PD Image: The Bathers #4 by Paul Cézanne, oil on canvas painting
French artist and Post-Impressionist painter Paul Cézanne (1839-1906) is credited for laying the foundations of the transition from the 19th century style of art to a radically different form. He experimented with different optical images an object can present to the viewer. Also he tried to view every object in geometrical shapes such as cylinders, spears, etc. His direct observations from nature were transferred to the canvas as bold, but small brush strokes using different lighting conditions and vibrant colors, often giving the impression of coarse, immature paintings. And, possibly as experimenting with such themes, he painted some themes repeatedly, but giving a fresh and energizing impression each time. For instance, his ‘bathers’ series of paintings are numerous, but they are never monotonous or boring, and each one of them gave a new meaning to his art.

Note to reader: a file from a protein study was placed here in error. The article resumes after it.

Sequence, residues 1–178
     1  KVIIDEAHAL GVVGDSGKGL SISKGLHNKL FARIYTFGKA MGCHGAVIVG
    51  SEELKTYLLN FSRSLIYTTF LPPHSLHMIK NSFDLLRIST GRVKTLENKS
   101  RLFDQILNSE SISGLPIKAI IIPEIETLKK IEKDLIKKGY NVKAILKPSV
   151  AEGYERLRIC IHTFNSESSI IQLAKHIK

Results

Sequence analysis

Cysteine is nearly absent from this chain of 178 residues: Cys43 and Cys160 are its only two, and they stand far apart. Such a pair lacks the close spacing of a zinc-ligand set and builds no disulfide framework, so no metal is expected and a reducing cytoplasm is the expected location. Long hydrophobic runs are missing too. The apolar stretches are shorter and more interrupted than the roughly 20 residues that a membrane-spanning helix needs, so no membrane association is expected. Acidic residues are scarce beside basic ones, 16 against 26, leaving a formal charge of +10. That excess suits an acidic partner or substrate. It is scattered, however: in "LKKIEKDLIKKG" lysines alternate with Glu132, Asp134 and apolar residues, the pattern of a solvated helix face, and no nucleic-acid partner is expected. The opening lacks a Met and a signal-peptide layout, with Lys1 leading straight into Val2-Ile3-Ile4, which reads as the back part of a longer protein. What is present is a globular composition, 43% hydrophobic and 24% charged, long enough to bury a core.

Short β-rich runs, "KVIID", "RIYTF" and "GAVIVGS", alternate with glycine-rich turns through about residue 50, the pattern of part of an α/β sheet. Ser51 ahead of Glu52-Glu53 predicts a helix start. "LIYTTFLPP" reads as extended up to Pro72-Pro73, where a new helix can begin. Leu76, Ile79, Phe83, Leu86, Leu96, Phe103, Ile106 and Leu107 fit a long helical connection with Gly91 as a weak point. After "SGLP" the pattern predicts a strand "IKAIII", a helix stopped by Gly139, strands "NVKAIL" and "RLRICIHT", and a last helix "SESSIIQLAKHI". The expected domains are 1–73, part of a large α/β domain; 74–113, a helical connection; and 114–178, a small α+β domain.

Also Cezanne is credited as being a bridge between Impressionism and the early 20th century's Cubism, as Henri Matisse and Pablo Picasso would vouch for. Also, Cézanne's work and themes of geometric simplification and optical phenomena inspired emerging artists of the times such as Picasso, Juan Gris, Georges Braque and others making them experimenting with more complex and multiple views of the same subject, and even fracturing of form. And this artistic enquiry and experimentation contributed greatly to the evolution of modern art.